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Jamaican Gov’t partners with UWI for Sexual Harassment research

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#KINGSTON, March 5, 2020 (JIS): The Government will be partnering with the University of the West Indies (UWI), Open Campus, over the next three years, to provide training and research on sexual harassment in the workplace and related matters.

Specifically, the collaboration is between the Bureau of Gender Affairs (BGA), under the Ministry of Culture, Gender, Entertainment and Sport, and the Hugh Shearer Labour Studies Institute.

The partnership will see the Institute providing special training through seminars, lectures and workshops coordinated by the Bureau. Training will cover the areas of sexual harassment, workplace bullying, emotional intelligence, labour laws, grievance handling and good industrial relations practices.

 Both parties signed a Memorandum of Understanding (MoU) to formalise this partnership during a ceremony at the UWI Regional Headquarters on February 28.

The emphasis will be on providing support to combat the stigma of sexual harassment through research and the areas of training identified. It is expected to contribute to an appreciation among public sector workers of the importance of promoting an environment free of sexual harassment, in which all categories of workers are treated with respect and dignity.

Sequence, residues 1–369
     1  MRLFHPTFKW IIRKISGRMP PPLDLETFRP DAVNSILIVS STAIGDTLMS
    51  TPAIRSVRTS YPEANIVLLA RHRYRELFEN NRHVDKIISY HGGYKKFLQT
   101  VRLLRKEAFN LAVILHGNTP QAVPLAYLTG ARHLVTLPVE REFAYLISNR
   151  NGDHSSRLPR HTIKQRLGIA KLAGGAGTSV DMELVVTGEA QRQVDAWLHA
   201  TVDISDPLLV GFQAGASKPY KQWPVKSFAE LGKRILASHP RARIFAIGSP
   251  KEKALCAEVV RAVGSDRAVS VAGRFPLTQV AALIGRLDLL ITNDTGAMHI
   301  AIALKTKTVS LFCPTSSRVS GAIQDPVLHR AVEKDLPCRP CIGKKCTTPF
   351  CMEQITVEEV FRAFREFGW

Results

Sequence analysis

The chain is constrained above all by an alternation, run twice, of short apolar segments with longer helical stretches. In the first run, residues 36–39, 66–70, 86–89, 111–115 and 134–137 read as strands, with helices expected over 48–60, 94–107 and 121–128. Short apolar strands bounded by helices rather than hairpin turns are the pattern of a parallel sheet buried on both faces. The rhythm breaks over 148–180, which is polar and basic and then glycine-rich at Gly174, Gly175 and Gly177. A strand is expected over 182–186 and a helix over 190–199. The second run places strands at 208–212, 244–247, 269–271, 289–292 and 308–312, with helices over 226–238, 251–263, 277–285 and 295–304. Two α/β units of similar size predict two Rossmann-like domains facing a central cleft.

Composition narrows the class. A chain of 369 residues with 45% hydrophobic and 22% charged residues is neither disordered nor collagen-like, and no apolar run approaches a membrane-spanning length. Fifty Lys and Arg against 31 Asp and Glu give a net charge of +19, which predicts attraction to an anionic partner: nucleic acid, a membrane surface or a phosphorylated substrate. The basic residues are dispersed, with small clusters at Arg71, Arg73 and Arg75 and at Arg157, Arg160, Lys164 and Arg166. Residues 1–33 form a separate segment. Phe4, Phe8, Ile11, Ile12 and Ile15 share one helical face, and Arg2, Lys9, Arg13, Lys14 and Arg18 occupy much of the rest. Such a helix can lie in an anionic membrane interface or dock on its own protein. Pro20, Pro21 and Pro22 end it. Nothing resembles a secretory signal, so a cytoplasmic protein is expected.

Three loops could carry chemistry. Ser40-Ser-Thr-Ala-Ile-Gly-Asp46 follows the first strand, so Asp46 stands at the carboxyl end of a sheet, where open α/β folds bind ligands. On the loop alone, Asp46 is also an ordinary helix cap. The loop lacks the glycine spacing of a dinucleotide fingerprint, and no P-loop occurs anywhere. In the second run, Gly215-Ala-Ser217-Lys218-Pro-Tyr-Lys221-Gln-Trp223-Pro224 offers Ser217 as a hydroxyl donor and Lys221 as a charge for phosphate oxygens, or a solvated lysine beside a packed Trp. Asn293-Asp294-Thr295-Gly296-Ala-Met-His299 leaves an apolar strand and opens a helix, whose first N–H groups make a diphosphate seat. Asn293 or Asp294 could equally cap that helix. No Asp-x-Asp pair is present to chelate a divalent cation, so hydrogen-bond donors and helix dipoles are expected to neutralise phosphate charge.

Minister of Culture, Gender, Entertainment and Sport, Hon. Olivia Grange, who participated in the signing, said the MOU has been entered into at an opportune time, in light of “the increasing incidents of violence and abuse of our women.”

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She noted that through the MoU, the intent is to explore the impact on productivity of sexual harassment and the implications for workplace competitiveness.

“We would also want to examine the link between sexual harassment and the society; the existing and potential costs in legal related terms; the cost associated with the re-orientation of victims back into the society; the loss of skilled workers; and the psychologically-related costs that are often associated with these abuses,” she said.

She pointed out that the Ministry’s collaboration with the UWI Open Campus will assist in defining the scope of the research agenda, “and to better prepare us for the challenges in combatting sexual harassment in the workplace.”

Ms. Grange said an important benefit from this collaboration is in the area of training, which will focus on prevention of sexual harassment.

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“In that regard, we must create a vision of a new Jamaica where respect, tolerance and dignity and a high self-esteem are seen as the norm for workplace behaviours, and that organisations take the time and make the effort to offer mentorship and specialised training for persons who have been socialised to show disrespect for women,” she said.

In her remarks, Pro Vice-Chancellor and Principal, UWI Open Campus, Dr. Luz Longsworth, said through ongoing training, the Institute has been working to address the issue of sexual harassment.

“Over the last year or two, the Institute has been at the forefront of training and sensitisation in over 30 orgnisations in Jamaica and the region in both the public and private sectors and they have dealt with not only sexual harassment, but also workplace bullying, and in guiding policy development and implementation in the workforce,” she said.

Dr.  Longsworth argued that knowing what is happening in the workplace is important to ensuring the improvement of labour relations in Jamaica.